Asian Pacific history is represented throughout the national parks systems. Learn more through Teaching with Historic Places lesson plans, National Register travel guides here or here, a reading list, or by checking with a park in your area.
The national parks are home to a wide variety of research and educational projects. Our Projects in the Parks series touches on all aspects of archeology, including site survey, analysis, curation, consultation, education, technology, and ongoing efforts to recover sites being destroyed by erosion.
Most recently we looked into the Hawaiian presence at Fort Vancouver National Historic Site. Fort Vancouver, as the colonial “Capital” of the Pacific Northwest in the 1820s-1840s, supported a multi-ethnic village of 600-1,000 occupants. A number of the villagers were Hawaiian men who worked in the agricultural fields and sawmills of the Hudson’s Bay Company (HBC) operations. Identification of Hawaiian residences and activities has been an important element of studies of Fort Vancouver since the 1960s.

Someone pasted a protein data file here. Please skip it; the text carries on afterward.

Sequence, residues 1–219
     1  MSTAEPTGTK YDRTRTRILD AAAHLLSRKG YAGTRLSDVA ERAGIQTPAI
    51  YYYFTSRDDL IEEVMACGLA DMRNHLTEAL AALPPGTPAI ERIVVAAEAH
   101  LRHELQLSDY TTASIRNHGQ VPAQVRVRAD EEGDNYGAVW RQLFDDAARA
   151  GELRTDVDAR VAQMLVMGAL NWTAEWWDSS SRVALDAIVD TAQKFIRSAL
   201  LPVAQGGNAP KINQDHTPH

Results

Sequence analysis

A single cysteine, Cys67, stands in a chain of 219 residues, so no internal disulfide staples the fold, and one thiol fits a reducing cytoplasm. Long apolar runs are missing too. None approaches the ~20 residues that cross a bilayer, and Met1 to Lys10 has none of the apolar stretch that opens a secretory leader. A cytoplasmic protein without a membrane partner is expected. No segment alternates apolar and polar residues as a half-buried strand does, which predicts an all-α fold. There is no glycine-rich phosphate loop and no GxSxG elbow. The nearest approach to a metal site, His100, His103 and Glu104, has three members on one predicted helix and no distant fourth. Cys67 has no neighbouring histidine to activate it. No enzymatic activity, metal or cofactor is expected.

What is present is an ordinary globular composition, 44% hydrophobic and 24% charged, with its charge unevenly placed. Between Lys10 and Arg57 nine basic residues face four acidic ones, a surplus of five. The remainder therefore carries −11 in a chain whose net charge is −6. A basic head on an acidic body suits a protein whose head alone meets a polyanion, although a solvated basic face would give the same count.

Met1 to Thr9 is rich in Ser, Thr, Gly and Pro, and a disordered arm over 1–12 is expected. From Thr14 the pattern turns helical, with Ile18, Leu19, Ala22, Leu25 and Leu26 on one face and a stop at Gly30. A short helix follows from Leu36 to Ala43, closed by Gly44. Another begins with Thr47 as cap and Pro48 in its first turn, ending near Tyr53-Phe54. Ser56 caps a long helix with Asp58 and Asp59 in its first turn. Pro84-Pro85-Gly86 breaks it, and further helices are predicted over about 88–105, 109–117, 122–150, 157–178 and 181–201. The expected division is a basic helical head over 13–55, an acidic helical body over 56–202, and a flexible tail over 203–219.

Kauanui calls for a “broad research agenda that accounts for Hawaiian movements in their respective contexts of conditions, periods, reasons, and desires, to allow us to better account for Hawaiian presence on the North American continent.” Her call is to counter attempts to minimize or alter modern Hawaiian cultural identity and to better define the Hawaiian diaspora history. Research on fur trade Hawaiians dispels the notion that Hawaiian history is limited to Hawaii and allows us to better contextualize the broader issues of fur trade identity and social transition in the Pacific Northwest associated with indigenous, fur trade, and American immigrant eras. Archeologists hope to learn more about Hawaiian life at Fort Vancouver by further studying the village site adjacent to the fort.